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Statistical mediation analysis in social psychology: An overview and application of the single mediator model

Lemmons, Malina C.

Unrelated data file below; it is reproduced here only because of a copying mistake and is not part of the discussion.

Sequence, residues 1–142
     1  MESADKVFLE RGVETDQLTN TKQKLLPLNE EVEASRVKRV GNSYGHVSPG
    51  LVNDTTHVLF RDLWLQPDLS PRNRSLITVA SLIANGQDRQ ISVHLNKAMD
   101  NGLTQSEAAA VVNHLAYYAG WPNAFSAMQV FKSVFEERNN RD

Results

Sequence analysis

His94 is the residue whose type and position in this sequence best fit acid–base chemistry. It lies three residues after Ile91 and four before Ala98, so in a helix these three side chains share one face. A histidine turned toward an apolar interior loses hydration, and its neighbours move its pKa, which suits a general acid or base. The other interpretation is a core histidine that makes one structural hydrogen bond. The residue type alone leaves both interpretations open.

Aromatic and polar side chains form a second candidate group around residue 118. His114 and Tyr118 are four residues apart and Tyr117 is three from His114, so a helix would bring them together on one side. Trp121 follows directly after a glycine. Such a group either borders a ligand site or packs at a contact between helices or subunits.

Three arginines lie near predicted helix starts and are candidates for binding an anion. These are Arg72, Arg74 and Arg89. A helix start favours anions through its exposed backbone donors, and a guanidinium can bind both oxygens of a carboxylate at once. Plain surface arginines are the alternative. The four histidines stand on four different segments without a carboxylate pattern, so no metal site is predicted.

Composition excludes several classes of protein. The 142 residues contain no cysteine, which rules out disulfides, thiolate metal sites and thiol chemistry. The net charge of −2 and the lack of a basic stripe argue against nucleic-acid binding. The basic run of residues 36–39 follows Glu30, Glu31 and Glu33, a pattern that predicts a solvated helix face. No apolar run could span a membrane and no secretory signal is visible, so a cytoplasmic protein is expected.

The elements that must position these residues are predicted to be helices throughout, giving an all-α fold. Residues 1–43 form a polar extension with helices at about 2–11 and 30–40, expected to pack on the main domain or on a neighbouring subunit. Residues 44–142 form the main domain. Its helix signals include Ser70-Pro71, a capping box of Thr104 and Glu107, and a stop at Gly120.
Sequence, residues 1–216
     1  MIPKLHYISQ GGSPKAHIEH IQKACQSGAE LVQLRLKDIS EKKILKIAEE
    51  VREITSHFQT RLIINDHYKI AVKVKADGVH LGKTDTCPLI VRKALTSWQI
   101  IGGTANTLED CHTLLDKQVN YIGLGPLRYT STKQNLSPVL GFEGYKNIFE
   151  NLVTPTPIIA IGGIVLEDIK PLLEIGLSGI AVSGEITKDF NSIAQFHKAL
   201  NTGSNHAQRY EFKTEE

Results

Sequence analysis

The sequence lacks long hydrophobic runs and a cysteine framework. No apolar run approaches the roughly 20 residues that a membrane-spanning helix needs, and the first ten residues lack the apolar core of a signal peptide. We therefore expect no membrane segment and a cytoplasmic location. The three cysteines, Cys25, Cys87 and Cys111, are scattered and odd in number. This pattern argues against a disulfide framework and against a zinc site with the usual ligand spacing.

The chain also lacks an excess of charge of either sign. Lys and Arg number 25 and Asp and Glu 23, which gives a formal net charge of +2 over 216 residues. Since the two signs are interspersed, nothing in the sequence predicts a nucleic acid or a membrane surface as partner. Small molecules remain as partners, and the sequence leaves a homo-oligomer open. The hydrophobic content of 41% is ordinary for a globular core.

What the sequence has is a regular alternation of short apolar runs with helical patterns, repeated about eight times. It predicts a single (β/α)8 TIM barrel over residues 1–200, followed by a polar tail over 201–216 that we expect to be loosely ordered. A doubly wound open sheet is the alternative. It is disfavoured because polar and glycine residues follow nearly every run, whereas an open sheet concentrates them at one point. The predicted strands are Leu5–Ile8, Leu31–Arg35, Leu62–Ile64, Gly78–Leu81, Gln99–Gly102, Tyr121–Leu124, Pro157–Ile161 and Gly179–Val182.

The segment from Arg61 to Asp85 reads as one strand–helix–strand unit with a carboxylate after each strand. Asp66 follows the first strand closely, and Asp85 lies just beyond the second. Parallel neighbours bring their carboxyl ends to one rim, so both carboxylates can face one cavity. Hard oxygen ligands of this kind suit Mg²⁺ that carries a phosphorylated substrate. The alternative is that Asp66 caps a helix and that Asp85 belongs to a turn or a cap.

Mediation has become a prevalent statistical analysis in social psychology. There are multiple ways in which researchers assess a mediated effect. This manuscript provides an overview of four methods: the Baron and Kenny (1986) method, the product of coefficients approach, percentile bootstrapping, and bias-corrected bootstrapping. These methods are then applied to a social psychology example to assess if people’s inferences of a target’s tolerance of historically marginalized groups (e.g. “Racial/Ethnic minorities”) is a mediator between condition (whether that target is described as a Trump supporter or non-political control) and stigma toward that target. In this example, all methods provided the same results. However, this is not always the case and it is the duty of the researcher to make certain they are using the correct method to assess the mediation effect.